In a similar manner to keypad 425 of FIG. 4, a second plurality of input keys 545 may be positioned adjacent to or partially surrounding first plurality of input keys 535. Second plurality of input keys 545 may include 2 groups of keys substantially disposed on a left and a right side of first plurality of input keys 535 as indicated by reference lines 545 a and 545 b, respectively. At least some of first plurality of input keys 535 and second plurality of input keys 545 may be associated with a second set of alphabetic values 540. In an embodiment, each of first plurality of input keys 435 may be arranged relative to each of partially surrounding second plurality of input keys 545 to form an alphabetic arrangement different from the alphabetic keyboard arrangement of a telephone keypad. In one embodiment, a keyboard layout suitable for user entry of text may be formed. In the illustrated embodiment, such a keyboard includes a QWERTY keyboard layout.

Note that for clarity in the figure, only one input key 535, one input key 545, one set of alphabetic values 538, and one set of second set of alphabetic values 540 have been labeled. Further note that second plurality of input keys 545 includes an input key 546 associated with a value “SHIFT” and an input key 547 associated with a value “ALT”. Thus, in one embodiment keypad 525 includes a total of 20 input keys, rather than 18 input keys as shown in keypad 425. Thus, as illustrated, electronic device 500 includes a mobile communication device or mobile electronic device. In one embodiment, the device may include a communication interface to facilitate communication with a communication station of a wireless network service provider.

Additionally, note that in the embodiment, reduced keypad 525 of FIG. 5 has been advantageously and ergonomically designed to arrange first and second plurality of input keys 535 and 545 in a plurality of non-linear rows to form substantially a V-shape. The illustrated arrangement attempts to provide convenient access to the input keys by reducing strain on users' thumbs that may be caused by prior art keypad arrangements. When cradling electronic device 500 from the sides, the natural arcs of a user's thumbs create a “v” shaped region of movement.

FIGS. 6, 7 and 8 illustrate reduced keypad arrangements according to further embodiments. The figures illustrate a top view of a keypad 625, 725, and 825, respectively, having a first and a second plurality of input keys. At least some of the first plurality of input keys may be assigned a numeric value and a first set of alphabetic values to form a telephone keypad layout based on their numeric values and respective first sets of alphabetic values. In the various embodiments, a second plurality of input keys may be positioned adjacent to or partially surrounding the first plurality of input keys and may be disposed relative to the first plurality of input keys in a manner to form a second alphabetic arrangement. Input keys may be associated with one or more non-alphabetic or non-numeric values as well.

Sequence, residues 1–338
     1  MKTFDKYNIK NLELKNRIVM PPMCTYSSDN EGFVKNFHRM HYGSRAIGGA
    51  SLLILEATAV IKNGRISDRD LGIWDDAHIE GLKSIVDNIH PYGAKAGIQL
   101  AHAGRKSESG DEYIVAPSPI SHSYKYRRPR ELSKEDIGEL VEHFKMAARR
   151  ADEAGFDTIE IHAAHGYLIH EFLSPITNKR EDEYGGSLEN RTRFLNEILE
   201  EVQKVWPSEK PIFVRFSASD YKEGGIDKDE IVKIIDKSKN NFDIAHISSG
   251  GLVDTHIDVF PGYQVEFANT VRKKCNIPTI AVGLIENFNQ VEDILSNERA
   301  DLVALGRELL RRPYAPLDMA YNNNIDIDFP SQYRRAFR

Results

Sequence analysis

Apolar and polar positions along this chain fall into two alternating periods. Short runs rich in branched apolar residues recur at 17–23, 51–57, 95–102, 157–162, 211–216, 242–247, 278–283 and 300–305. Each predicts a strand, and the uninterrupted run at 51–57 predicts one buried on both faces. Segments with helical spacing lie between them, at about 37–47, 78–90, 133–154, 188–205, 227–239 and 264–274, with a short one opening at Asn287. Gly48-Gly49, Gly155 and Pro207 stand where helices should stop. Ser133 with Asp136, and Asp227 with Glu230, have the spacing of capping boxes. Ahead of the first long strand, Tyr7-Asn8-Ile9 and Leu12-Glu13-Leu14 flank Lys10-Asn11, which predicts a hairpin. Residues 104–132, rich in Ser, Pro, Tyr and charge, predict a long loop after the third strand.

FIG. 6 illustrates an embodiment wherein first sets of alphabetic values 638 includes groups or sets of letters having an order on some input keys based on a frequency of occurrence of the letters, rather than alphabetically ordered as in keypad 425 of FIG. 4. A telephone keypad including such an arrangement is further described in U.S. Pat. No. 6,643,371 (hereinafter '371 patent), filed Aug. 31, 2001. For the embodiment, letter-to-key correspondence matches a standard letter-to-key correspondence as illustrated in FIG. 4, but within a group of letters, letters with a higher frequency of use are positioned before letters with a lower frequency of use.

Such an embodiment may be advantageous when using multi-tap entry. Thus, the letters having a higher probability of occurrence are selected by a single activation of the input key and letters with a lower probability of occurrence are selected by activating the input key two or more times. For example, as illustrated in FIG. 4, the input key associated with numeric value “2” has an associated first set of alphabetic values 638 of “acb,” rather an “abc.” In the embodiment, a standard correspondence between numeric input keys and letters of the alphabet is maintained for compatibility when entering mnemonic phone numbers and generating DTMF signals.

FIG. 7 provides an embodiment wherein a second set of alphabetic values 740 may include alphabetic values arranged in a “Quasi-QWERTY” keyboard layout, similar to a layout described in more detail in copending and contemporaneously filed PCT application PCT/US05/05013, “Reduced Keypad for Predictive Input”. In one embodiment, second set of alphabetic values 740 may be arranged to reduce multiple word matches during predictive text input by a user. Thus, in the illustrated embodiment, input key 735 c includes a ‘TU’, rather than a ‘TY’ of the QWERTY keyboard arrangement of FIG. 4. In alternative embodiments, other variations of a modified QWERTY or Quasi-QWERTY keyboard arrangement may also reduce multiple word matches while maintaining a key arrangement substantially familiar to users.